Interstitial pneumonia
Inflammatory process more or less confined within the alveolar walls (interstitium) and the peribronchial and interlobular tissues
Viral Pneumonia
Symptoms: Mild to high fever, cough & malaise to severe productive cough & fatigue
TX: Symptomatic to ^ oxygenation & comfort
O2, postural drainage, antipyretics, ^ fluids
Bacterial Pneumonia
Onset abrupt, follows viral infection; diagnosed by Xray & cultures
Symptoms: fever, unproductive cough to whitish sputum, tachypnea, chest pain, retractions, breath sounds; rhonchi or fine crackles, nasal flaring, pallor to cyanosis
Tx: PO Amoxycillin (< 5 yr) PO Erythromycin (older children), or IV cefuroxime cefotaxime, ceftriaxone, IV fluids & O2
Bronchiolitis or Respiratory Syncytial Virus (RSV)
Most frequent cause of hospitalization in children < 1 yr old
Sx: Increased coughing & wheezing, air hunger, tachypnea, retractions, cyanosis, tachypnea, listlessness, apneic spells, poor air exchange
Most common chronic lung disease in children due to heightened airway reactivity

Obstruction occurs either by inflammation or airway hyper-responsiveness to a variety of stimuli

Anti-inflammatory inhaled steroid is vital
Asthma: Clinical Manifestations
Diffuse wheezing during expiration
Asthma: Diagnostic Evaluation
Xray is used to rule out other diseases
Pulmonary function tests: Objective method of evaluating severity of asthma/lung disease and response to medication therapy
Asthma: Drug Therapy
Stepwise approach based on severity

Long term control: Many different possible combinations of bronchodialators. May have leukotriene modifiers to block inflammation and bronchospasm (Singulair)

Quick relief: short acting beta2 agonists (Albuterol)

Asthma: Nursing Care
maintain child's normal functioning

Reinforce long term care of bronchospasm & reduce underlying inflammation within the lungs

Monitor q 3-6 months for delayed or slowed growth if taking long term steroids
Signs of Respiratory Distress
Shortness of breath
Stridor, grunting, flaring, retractions
Sweats profusely
Remains upright, tripod position
Refuses to lie down
Restless and apprehensive
Speaks in short broken phases
Breath sounds can be coarse or barely audible
Cystic Fibrosis
Characterized by exocrine gland (mucus producing) dysfunction that produces multisystem involvement
CF: Clinical Features (unrelated)
A striking elevation of sweat electrolytes
An increase in several organic & enzymatic constituents of saliva
Abnormalities in autonomic nervous system function
Increased viscosity of mucous gland secretions
CF Mortality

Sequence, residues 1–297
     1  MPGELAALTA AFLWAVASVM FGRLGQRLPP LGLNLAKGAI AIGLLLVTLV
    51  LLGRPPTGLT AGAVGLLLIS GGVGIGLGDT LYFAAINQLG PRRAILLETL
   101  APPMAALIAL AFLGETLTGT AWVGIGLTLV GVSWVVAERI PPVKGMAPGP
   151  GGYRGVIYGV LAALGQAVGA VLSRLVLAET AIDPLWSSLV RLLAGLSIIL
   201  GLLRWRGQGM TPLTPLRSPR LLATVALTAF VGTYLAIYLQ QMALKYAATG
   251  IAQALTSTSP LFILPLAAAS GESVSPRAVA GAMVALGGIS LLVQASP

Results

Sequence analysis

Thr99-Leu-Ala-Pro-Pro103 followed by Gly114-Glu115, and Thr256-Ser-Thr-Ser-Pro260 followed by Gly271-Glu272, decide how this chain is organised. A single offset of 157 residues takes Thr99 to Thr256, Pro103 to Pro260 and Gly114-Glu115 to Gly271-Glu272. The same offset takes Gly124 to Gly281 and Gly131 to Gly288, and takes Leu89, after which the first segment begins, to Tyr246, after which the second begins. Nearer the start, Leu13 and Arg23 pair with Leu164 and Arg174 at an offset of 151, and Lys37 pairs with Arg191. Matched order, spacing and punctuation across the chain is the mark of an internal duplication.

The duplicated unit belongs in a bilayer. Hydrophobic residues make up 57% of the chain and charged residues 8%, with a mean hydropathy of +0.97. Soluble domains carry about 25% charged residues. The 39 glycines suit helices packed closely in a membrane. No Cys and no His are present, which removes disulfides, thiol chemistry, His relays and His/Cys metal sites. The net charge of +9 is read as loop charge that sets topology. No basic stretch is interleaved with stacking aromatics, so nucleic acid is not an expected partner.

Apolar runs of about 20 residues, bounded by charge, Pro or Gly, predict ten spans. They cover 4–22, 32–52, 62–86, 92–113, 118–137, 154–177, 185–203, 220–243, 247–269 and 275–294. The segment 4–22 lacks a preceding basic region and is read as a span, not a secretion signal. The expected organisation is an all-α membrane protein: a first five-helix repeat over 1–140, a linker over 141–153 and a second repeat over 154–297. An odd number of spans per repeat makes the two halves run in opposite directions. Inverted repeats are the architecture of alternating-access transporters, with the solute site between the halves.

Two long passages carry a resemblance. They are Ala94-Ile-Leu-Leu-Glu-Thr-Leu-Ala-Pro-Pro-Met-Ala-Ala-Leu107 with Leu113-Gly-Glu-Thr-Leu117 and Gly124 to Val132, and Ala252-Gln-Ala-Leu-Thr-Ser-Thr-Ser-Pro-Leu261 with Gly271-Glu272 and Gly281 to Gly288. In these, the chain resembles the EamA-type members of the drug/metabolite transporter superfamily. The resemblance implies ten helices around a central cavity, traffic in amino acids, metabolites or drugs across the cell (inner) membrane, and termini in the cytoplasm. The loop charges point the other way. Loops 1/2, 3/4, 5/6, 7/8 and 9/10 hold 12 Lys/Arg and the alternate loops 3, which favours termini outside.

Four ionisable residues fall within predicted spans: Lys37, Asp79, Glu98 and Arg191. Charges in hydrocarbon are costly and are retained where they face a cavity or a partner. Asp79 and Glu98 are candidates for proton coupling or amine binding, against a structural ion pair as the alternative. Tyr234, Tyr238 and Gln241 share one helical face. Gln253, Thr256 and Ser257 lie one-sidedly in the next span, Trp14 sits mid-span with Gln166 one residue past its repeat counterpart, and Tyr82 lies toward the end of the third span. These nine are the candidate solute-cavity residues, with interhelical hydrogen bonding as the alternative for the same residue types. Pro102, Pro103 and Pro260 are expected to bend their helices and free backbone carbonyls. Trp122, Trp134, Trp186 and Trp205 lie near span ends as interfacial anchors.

Average survival 38 years old
CF: Mucous Accumulation
Increased viscosity of mucous gland secretion
Results in mechanical obstruction
CF: Dx
Most reliable test is increased sweat chloride
Averages less than 40 meq/l
Diagnosed at > 60 meq/l

Chest Xray

Stool fat analysis
CF: Respiratory Manifestations
Tenacious secretions are difficult to expectorate—obstruct bronchi/bronchioles

Compression of the pulmonary blood vessels and progressive lung dysfunction lead to pulmonary hypertension, respiratory failure, and death
CF: Clinical Features
Wheezing respiration, dry nonproductive cough

Clubbing of fingers and toes

Pancreatic enzyme deficiency
CF: Respiratory Management
Chest Physical Therapy (CPT)

Aerosolized bronchodilator medication
Always given prior to CPT
CF: GI Management
Replacement of pancreatic enzymes, 1-5 coated tablets or sprinkled on food with meals
Why are cool-mist vaporizers rather than steam vaporizers recommended in the home treatment of respiratory infections?
Cool-mist vaporizers are safer than steam vaporizers, and little evidence exists to show any advantages to steam. The cost of cool-mist and steam vaporizers is comparable
The parent of an infant with nasopharyngitis should be instructed to notify the health professional if the infant:
If an infant with nasopharyngitis shows signs of an earache, it may indicate respiratory complications and possibly secondary bacterial infection

The health professional should be contacted to evaluate the infant
It is important that a child with acute streptococcal pharyngitis be treated with antibiotics to prevent:

Group A -hemolytic streptococcal infection is a brief illness with varying symptoms. It is essential that pharyngitis caused by this organism be treated with appropriate antibiotics to avoid the sequelae of acute rheumatic fever and acute glomerulonephritis.
Chronic otitis media with effusion (OME) differs from acute otitis media (AOM) because it is usually characterized by which of the following?
OME is characterized by feeling of fullness in the ear or other nonspecific complaints. OME does not cause severe pain. `
An infant has been diagnosed with staphylococcal pneumonia. Nursing care of the child with pneumonia includes which of the following?
Antibiotics are indicated for bacterial pneumonia.

Often the child has decreased pulmonary reserve, and clustering of care is essential.

The child's respiratory rate and status and general disposition are monitored closely, but frequent complete physical assessments are not indicated.

Antitussive agents are used sparingly. It is desirable for the child to cough up some of the secretions.

Fluids are essential to kept secretions as liquefied as possible.